The Butterfly Effect and Our Problems
Problems, problems, problems… who doesn’t have them? It’s normal to find yourself in problematic situations at some point in your life, although that doesn’t mean we know how to solve them. Because the truth is that we don’t learn from all of our experiences.
Speaking of problems, it’s not uncommon to get carried away by the vicious cycles that we ourselves may start. In fact, our problems are so heavily influenced by our patterns of behavior that the latter ensures the survival of the former. It is frustrating. From a systemic point of view, that’s how they turn into systems of behaviors and meanings that feed on each other.
In other words, when a problem flaps its wings like a butterfly, it influences many of our behaviors, relationships and thoughts. You could say that the problems end up directing behavior. Without realizing it, we get caught in a vicious cycle. The butterfly effect.
When a problem flaps its wings, the earthquake shakes our lives.
How can we break that “butterfly effect” of our problems?
To break this butterfly effect or vicious circle, we must try to halt the related sequence of behaviors. The idea is to trade them for alternatives that bring us closer to a good solution to the problem. At the very least, the idea is to stop the cycle.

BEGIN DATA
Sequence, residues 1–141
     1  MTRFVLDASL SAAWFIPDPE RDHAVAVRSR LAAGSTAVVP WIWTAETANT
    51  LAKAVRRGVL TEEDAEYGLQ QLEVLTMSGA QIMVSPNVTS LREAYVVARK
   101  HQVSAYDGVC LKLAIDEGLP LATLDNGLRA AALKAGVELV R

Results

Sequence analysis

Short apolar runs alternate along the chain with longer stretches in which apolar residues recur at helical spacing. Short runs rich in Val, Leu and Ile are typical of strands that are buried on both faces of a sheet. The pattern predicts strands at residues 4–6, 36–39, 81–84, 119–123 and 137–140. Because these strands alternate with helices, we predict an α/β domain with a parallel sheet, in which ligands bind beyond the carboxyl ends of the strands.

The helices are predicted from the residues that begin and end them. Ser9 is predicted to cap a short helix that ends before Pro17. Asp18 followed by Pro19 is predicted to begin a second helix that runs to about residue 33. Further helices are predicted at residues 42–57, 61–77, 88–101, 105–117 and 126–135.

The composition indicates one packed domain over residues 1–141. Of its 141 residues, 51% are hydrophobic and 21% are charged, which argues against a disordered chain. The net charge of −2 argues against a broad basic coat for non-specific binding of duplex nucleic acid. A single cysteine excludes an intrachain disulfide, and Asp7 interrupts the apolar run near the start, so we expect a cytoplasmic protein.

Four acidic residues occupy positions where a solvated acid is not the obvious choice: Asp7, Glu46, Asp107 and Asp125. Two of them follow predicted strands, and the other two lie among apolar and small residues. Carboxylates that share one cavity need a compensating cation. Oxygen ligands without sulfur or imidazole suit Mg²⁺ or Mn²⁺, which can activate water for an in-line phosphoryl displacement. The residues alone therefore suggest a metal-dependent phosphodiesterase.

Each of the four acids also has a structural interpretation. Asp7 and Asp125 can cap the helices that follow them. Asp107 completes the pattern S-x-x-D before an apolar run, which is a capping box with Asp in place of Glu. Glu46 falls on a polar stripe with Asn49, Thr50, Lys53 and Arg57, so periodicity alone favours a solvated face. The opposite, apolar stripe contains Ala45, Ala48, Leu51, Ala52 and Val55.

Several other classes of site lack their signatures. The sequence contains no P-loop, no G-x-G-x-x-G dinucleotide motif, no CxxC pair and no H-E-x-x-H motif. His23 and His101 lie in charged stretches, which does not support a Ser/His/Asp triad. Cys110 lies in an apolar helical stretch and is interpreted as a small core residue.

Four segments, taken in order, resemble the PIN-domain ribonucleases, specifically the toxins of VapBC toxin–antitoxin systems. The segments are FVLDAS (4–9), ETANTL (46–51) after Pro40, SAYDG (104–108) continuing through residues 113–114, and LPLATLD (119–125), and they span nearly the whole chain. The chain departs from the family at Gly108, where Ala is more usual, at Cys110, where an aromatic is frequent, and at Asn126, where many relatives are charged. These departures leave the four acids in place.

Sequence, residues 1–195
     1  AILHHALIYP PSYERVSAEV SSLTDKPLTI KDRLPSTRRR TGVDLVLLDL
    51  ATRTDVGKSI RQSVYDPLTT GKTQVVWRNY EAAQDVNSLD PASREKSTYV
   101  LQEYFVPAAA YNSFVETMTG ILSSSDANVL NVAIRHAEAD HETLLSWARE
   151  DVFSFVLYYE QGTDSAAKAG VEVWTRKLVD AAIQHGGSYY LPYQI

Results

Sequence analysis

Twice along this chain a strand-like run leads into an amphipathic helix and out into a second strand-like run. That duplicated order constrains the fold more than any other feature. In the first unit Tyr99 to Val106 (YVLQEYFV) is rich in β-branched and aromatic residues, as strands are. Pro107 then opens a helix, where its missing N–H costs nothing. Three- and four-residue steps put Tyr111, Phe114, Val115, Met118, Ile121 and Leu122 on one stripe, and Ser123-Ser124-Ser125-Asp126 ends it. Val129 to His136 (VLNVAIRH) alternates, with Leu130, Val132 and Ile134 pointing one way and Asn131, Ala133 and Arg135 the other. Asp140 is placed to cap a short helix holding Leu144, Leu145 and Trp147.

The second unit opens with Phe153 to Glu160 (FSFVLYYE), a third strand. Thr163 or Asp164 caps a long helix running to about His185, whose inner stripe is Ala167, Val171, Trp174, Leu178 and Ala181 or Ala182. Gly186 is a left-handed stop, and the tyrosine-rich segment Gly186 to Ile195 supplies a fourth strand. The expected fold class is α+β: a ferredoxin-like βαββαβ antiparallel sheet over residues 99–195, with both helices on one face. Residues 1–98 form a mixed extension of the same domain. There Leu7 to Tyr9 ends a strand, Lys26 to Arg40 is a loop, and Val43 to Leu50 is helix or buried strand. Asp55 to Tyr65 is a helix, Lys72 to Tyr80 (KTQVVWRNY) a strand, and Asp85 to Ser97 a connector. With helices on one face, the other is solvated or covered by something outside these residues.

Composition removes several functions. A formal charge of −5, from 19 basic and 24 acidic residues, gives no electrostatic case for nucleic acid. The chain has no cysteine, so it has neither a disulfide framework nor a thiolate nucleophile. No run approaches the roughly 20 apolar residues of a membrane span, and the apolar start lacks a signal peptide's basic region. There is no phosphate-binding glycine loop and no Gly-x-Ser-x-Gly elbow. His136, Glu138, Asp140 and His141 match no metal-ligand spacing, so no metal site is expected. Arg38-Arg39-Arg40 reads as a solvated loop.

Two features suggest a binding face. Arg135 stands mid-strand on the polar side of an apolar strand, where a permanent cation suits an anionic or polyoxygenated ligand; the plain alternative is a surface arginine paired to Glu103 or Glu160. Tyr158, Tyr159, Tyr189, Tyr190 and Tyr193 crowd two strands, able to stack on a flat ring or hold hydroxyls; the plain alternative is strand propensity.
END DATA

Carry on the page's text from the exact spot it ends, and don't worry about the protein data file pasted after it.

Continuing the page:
This means that if we usually solve a problem the same way all the time, changing our strategy can help us come up with a different, better solution. But what seems so simple is actually very complicated. Keep in mind that we are creatures of habit. Therefore changing our way of acting, breaking the butterfly effect we’ve set off, is not easy.
Man is the only animal that is able to trip twice on the same stone, as if the stone itself is the cause of all his problems.
In order to change this association of behaviors, systemic psychology offers us two ways:
- Redefine some element of the sequence of the problem or change the whole sequence. The point is to see what’s happening and become aware of the vicious cycle of behaviors that feed the problem. An example: instead of reading into something said in an argument, you ask the person what they mean.
- Do some action that modifies some of the sequences of behaviors involved. The intention is for us to interfere with the problem instead of the other way around. For example, you could add an element to the problem’s sequence. If you have problems with alcohol, putting on gloves when you go to drink alters the cycle of behavior.
Realize your freedom
Maybe these solutions seem too simple to have significant results, but the truth is that altering the automated sequence of our problems is very effective. When we become aware of what we do instead of being carried away by situations, we can see more clearly.
We are in charge of our behavior if we are aware of what we do and why we do it at all times. Otherwise our problems will flap their wings and we will feel the butterfly effect in our lives.
So, if you want to feel free to try to find effective solutions, changing what you usually do, even just a tiny bit, will help. Because you don’t want to go through life without having lived it. You don’t want to let yourself be led by circumstances, but instead take control and make small changes. These changes will make the butterfly effect not be earthquakes and disaster but rather beautiful opportunities.